The Daily Gamecock

Review: 'The Handmaid’s Tale' newest season is slow, recycles themes

<p>Janine (played by Madeline Brewer, left) and June (Elisabeth Moss, right) in a recent episode of "The Handmaid's Tale" on Hulu. "The Handmaid's Tale" fifth season finale will air next week. (Sophie Giraud/Hulu/TNS)&nbsp;</p>
Janine (played by Madeline Brewer, left) and June (Elisabeth Moss, right) in a recent episode of "The Handmaid's Tale" on Hulu. "The Handmaid's Tale" fifth season finale will air next week. (Sophie Giraud/Hulu/TNS) 

Show: “The Handmaid’s Tale”

Release Date: Sept. 14, 2022

Season: 5

Episodes: 1-8

Genre: Drama, science fiction

Rating: C-

The premiere of the long-awaited fifth installment of “The Handmaid’s Tale” has finally aired. Unfortunately, so far, it does not hold a candle to the intricate, jaw-dropping and captivating precedent set by the former seasons. Plagued by lazy plotlines and slow pacing, the show has become an exhausting watch so far.  

“The Handmaid's Tale,” a social commentary on the dangers of patriarchal totalitarianism, introduced unique viewpoints this season. Since a majority of the main characters are now united in the safe haven of Canada, the horrors of Gilead, the theocracy residing over former America, appear more as harrowing memories rather than stark reality. Still, characters such as June Osborne, the main protagonist, are forced to brave their trauma as they work to dismantle Gilead’s tyrannical forces from afar. 

In theory, this change in perspective should open the door for intriguing developments. However, it is obvious that June’s story has run its course, and the plot of “The Handmaid’s Tale” is stretched thin.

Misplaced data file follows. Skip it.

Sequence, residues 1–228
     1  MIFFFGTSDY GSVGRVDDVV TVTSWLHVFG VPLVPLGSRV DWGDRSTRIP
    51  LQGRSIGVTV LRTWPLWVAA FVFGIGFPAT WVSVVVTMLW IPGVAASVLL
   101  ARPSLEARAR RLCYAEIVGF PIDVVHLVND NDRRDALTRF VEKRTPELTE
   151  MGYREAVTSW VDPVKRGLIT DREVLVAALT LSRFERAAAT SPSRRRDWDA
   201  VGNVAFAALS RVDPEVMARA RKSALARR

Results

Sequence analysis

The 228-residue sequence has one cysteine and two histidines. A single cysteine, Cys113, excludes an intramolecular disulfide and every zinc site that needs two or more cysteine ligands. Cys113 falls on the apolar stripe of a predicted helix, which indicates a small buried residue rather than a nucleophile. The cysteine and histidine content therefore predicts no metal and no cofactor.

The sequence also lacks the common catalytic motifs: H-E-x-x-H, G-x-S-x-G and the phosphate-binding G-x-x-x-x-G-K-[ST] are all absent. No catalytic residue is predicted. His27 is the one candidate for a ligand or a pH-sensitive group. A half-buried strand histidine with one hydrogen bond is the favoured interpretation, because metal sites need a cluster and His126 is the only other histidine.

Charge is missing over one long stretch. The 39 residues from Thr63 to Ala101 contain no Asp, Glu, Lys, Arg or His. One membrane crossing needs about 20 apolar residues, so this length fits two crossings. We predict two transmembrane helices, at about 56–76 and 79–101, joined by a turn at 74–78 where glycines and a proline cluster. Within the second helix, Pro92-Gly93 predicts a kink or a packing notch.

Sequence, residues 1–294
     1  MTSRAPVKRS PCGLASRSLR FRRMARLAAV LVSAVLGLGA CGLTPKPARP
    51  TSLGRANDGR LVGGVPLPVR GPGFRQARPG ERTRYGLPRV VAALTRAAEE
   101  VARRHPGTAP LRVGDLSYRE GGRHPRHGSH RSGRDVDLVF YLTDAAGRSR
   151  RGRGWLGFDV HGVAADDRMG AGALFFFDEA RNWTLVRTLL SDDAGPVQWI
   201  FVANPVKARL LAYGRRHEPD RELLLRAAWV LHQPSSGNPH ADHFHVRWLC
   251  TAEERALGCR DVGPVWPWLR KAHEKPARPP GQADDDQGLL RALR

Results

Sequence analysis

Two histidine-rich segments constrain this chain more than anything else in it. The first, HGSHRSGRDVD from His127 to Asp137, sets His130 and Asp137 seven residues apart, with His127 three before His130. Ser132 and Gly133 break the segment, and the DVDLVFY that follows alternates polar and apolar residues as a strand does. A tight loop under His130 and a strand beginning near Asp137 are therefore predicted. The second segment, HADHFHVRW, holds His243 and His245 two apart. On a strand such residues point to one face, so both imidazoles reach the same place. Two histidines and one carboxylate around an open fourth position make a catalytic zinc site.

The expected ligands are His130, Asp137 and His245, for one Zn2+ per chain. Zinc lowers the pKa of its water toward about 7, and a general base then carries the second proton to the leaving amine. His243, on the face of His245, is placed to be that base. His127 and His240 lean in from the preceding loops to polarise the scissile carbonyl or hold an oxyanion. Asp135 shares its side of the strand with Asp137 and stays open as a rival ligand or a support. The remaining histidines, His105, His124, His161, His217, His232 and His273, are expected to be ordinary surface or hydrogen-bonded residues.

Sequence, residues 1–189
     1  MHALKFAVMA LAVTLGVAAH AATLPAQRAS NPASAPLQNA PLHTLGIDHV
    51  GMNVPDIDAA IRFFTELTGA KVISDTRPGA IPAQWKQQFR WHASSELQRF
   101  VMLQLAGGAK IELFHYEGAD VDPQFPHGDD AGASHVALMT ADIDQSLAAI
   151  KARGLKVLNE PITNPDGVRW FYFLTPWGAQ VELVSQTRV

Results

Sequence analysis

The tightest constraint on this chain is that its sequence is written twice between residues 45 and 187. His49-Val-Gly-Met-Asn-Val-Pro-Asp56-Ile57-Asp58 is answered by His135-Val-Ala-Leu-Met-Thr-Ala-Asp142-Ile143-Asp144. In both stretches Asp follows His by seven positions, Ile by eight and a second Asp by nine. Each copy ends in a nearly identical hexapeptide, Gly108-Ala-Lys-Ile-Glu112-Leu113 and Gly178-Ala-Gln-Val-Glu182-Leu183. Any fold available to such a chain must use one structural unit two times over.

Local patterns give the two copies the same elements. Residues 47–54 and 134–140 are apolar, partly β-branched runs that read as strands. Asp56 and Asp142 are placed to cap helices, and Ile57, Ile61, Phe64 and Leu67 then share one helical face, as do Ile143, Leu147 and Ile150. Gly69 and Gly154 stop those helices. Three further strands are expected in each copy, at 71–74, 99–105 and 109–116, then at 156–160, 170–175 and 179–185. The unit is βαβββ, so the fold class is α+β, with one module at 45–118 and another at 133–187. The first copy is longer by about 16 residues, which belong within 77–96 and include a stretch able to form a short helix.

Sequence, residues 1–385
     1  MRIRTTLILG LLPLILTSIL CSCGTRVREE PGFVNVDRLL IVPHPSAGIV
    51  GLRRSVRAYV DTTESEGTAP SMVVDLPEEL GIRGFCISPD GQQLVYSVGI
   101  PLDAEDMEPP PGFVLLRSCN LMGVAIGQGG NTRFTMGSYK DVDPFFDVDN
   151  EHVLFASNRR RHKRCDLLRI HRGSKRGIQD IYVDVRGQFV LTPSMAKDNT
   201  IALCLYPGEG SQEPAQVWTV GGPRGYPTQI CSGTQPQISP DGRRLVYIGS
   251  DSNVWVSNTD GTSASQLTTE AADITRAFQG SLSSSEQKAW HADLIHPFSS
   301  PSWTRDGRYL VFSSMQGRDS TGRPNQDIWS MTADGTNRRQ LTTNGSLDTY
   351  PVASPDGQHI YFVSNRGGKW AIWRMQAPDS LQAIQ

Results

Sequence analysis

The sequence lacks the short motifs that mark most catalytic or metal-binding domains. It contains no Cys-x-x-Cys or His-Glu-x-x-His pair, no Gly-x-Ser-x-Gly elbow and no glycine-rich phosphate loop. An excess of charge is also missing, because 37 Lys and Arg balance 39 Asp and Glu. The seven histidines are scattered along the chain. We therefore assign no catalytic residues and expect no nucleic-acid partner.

The show has lost any sense of identity. What was initially pardoned as slow-burn pacing in the premiere episodes has now manifested into dull, semi-interwoven storylines with misguided connections to a greater plot. The newest season's failure is due, in part, to the lack of adherence to the main character's previously established persona and archetype.

In former seasons, June's complex character arc was the most hauntingly-captivating aspect of the show. Confined within the treacherous walls of Gilead, she was forced to balance herself between her role of an obedient Handmaid and releasing her rebellious, courageous nature. 

But the new season disregards the witty powerhouse June has worked to become.

June underwent an exceeding amount of trauma during her time in Gilead. This period undeniably carried emotional baggage and lasting scars that made it difficult for her to adjust to the new reality in Canada. Understandably so, June’s storyline in this new season centers around her (often violent) expressions of her pent-up hatred towards those who have hurt her.  

But June’s goals have clouded any aspect of the once caring, family-motivated woman of her distant past. It is quite ironic that June fought so hard to reunite with her family, only to endanger them with reckless violence.

It is apparent that rescuing her daughter Hannah from the grasp of Gilead is June’s main motivation and priority. But the reckless decisions she’s made throughout the season challenges this notion. It leaves the viewer frustrated at her recurring impulsivity. 

Riveting conflicts between enemies have occurred this season, and seem to be building up to a jarring climax. However, these valiant acts of vengeance always end up fizzling out or getting left to the wayside. 

Not only is this frustrating to observe on the screen, but it also makes the plot line seem like a “passing the power torch” game between characters with no impactful outcomes. 

The finale, to air next week, presents the opportunity for loose ends to be tied up and final face-offs to be made. With the sixth season already announced, and a potential spinoff in the works, it looks like this will not be the end for June, no matter how retired  — or boring — her character now is.  


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